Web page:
1. NEX always seems to set the standard with bus services in Auckland. Same at special events, always extra buses parked up to handle the crowds, and marshalls on hand to help people.
        Wonder how much of this is Ritchies being a good operator, and how much is AT hoping their premier bus service runs well?
        NZ Bus don’t seem to bother with any of this stuff, only care about making money from advertising and property development.

    4. The $20 Hop card is a no brainer, especially for the ‘$20 note for the $1.90 fare’ crowd. What is stopping this from happening from tomorrow?

      The higher cash fare thing needs to just be done, it’s got to be a decent amount so that all but tourists pay cash (and even then they buy a card after the first trip and realise the difference). At least a dollar if not double like it is in London.

      1. or you could even blame the buses, for lack of eftpos, buses should be equipt with mobile eftpos and allow top-ups onboard too. this would pretty much totally sort out people paying with $20… once or twice I had to buy a ticket with a $20 too, I had no other option other than to go to a shop and buy something (waste of money) to get smaller cash out or exchange my $20 for something smaller.

        1. That would be even slower than cash. You could probably allow cash topups in round amounts ($10, $20) without slowing things down too much – Christchurch works like that – but EFTPOS is slow, slow, slow. Also, while it’s possible to get EFTPOS terminals that don’t require a live Internet connection, the banks charge a premium for that service.

          What the city needs is lots more of the unmanned topup machines, not just on rail platforms. Get rid of the topup fee for the unmanned kiosks, like Snapper do – albeit they only have half a dozen kiosks nationally. Then you’ve got a decent range of options for everyone.

          That said, auto-topup should work for most people with a credit card or bank account. It’s no more expensive than topping up manually – you’ve just got to make sure you have $10 in your account when the auto-topup happens, but you’re not actually spending more money, or having to do more accounting, than you would with a manual topup.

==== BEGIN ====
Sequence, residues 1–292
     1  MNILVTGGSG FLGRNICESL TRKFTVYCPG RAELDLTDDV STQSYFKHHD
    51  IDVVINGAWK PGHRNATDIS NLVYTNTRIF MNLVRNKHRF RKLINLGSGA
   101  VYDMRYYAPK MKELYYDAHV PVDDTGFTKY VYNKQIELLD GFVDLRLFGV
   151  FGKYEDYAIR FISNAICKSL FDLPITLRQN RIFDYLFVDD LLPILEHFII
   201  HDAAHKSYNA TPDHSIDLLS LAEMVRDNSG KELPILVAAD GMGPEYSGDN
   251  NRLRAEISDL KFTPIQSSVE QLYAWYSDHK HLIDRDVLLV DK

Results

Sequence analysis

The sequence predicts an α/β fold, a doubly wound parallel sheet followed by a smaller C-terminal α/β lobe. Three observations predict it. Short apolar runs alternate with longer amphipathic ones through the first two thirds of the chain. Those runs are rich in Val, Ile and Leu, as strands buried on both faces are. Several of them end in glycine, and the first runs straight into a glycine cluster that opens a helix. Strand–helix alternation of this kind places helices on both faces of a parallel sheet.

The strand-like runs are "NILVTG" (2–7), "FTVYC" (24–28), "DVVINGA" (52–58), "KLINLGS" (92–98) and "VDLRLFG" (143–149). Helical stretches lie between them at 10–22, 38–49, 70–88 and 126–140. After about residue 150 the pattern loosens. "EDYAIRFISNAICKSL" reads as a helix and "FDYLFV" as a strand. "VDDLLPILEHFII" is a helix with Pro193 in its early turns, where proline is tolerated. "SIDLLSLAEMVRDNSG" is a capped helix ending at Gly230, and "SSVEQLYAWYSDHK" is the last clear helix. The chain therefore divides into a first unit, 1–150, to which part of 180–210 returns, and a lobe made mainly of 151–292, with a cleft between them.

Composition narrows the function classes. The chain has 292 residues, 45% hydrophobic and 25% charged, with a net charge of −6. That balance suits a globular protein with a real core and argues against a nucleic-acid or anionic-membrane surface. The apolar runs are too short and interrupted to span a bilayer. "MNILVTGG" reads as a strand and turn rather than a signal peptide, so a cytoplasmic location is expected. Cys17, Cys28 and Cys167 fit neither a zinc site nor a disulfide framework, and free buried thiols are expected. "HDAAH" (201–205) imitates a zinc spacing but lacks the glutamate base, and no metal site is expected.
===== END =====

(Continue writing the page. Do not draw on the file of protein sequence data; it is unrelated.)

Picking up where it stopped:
The other thing would be increasing the difference between cash and HOP fares, at the very least rounding cash fares up to a figure that’s easier to make change from, $2 rather than $1.90 for a single stage, for example.

          1. For now, there’s a (manned) centre that you can top up at, right over the road at AUT. And while a machine at UofA might be a useful addition, the status quo of needing to walk across the street isn’t exactly ridiculous or sacking-worthy.

  12. Totally agree re point 3, but many of the buses are just too narrow through the front entry. Even a “please stand to the left” sign would help.

    I’ve got quite bolshy now, and will push fairly hard to get past these people, or ask them loudly to move over to allow others through.

  13. My observations:
    1. Gating at Henderson station will cut a lot of losses – many people board at Henderson and go to Ranui/Sturges and the ticket inspectors rarely travel past Henderson.
    2. Fare evasion would decrease with a bigger HOP discount – the ticket machines are very slow and some people (like a guy this morning) can’t complete the ticket transaction fast enough, and board without getting a ticket.
    3. Same effect when trains are more frequent – people won’t have to wait long for the next train.

      1. Thankyou.
        Speaking of the Northern Express what is the latest on the Double Deckers as I know Ritchies were trialling one. Are they going ahead with them?